Essex

Nut allergy woman returns to Essex home after five years

Amy May Shead before and after her anaphylactic shock Image copyright Sue Shead
Image caption Amy May Shead's heart stopped for six minutes causing brain damage

A woman who suffered a severe allergic reaction to nuts during a holiday to Hungary has returned to her family home after five years in care.

Amy May Shead, 31, suffered anaphylactic shock from a single bite of a chicken meal on a trip with friends to Budapest in 2014.

She will now receive 24-hour care in a specially-adapted annex of her parents' home in Westcliff-on-Sea, Essex.

Her mother Sue said it was "lovely to have her home".

Miss Shead was left brain damaged, partially paralysed, and unable to see or speak properly after she suffered a severe allergic reaction during the meal at a restaurant in Budapest.

Image copyright Amy May Trust
Image caption Amy May Shead is now back home with her parents Roger and Sue

The former ITV producer had managed her nut allergy throughout school and university, and always carried medication she needed to counteract a reaction, her mother said.

She had produced an allergy card to staff at the restaurant in Hungary three times and was assured the meal did not contain nuts.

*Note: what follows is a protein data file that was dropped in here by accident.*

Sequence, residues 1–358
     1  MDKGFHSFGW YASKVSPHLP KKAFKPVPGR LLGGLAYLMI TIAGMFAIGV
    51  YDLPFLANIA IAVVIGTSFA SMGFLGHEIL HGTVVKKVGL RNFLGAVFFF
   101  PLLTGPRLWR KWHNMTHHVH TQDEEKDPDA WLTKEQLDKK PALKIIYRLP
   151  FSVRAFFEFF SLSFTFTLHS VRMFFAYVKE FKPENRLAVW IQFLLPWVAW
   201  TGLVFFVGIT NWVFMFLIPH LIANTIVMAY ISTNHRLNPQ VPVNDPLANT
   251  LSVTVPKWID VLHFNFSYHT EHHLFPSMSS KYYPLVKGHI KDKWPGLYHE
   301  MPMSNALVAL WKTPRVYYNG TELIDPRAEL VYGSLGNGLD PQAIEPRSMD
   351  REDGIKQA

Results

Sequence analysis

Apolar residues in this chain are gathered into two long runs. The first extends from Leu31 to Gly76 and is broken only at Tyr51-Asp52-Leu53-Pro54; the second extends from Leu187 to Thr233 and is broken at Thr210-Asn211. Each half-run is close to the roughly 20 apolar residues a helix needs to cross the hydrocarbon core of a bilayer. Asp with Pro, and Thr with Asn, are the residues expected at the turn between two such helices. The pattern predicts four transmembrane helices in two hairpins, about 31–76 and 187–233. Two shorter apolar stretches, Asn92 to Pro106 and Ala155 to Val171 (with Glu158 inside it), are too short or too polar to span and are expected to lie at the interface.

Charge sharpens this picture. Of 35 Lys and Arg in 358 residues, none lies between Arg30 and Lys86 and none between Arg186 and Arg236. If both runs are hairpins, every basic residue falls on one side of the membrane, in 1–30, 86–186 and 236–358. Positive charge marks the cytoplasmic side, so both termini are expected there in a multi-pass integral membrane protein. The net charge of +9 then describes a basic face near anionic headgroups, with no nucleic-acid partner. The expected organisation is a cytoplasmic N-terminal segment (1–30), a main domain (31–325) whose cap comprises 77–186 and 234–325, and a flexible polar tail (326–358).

Image copyright Amy May Trust
Image caption Nursing staff at the Marillac Care centre say farewell to Miss Shead after three years

Her reaction was "immediate" and resulted in a cardiac arrest, during which Miss Shead's heart stopped for six minutes causing brain damage, her mother added.

She spent a year at both St Thomas' Hospital and the Putney Neurological unit and has lived at the Marillac Care centre in Brentwood for the last three years.

Miss Shead uses a wheelchair, and a 24-hour care package is now in place allowing her to live with her parents in a purpose-built annex.

"Amy was the most vivacious, outgoing, bubbly young lady you could ever wish to meet," her mother said.

"We are still devastated. Every day is hard to get through. But we'd do anything for her."

Image copyright Amy May Trust
Image caption Amy May Shead with her aunt Julie and cousin Tom, who have set up a trust

A trust, established in her name by her aunt Julie Martin and cousin Tom, raises money for the intensive physiotherapy and speech and language therapy she receives four times a week.

"This layer of tragedy should never have happened, because Amy took every precaution with her allergy," Mrs Martin said.

"Her parents' lives have been swept away as well.

"They are devoted, and have committed their lives to their daughter. But as you can imagine, they're also heartbroken."

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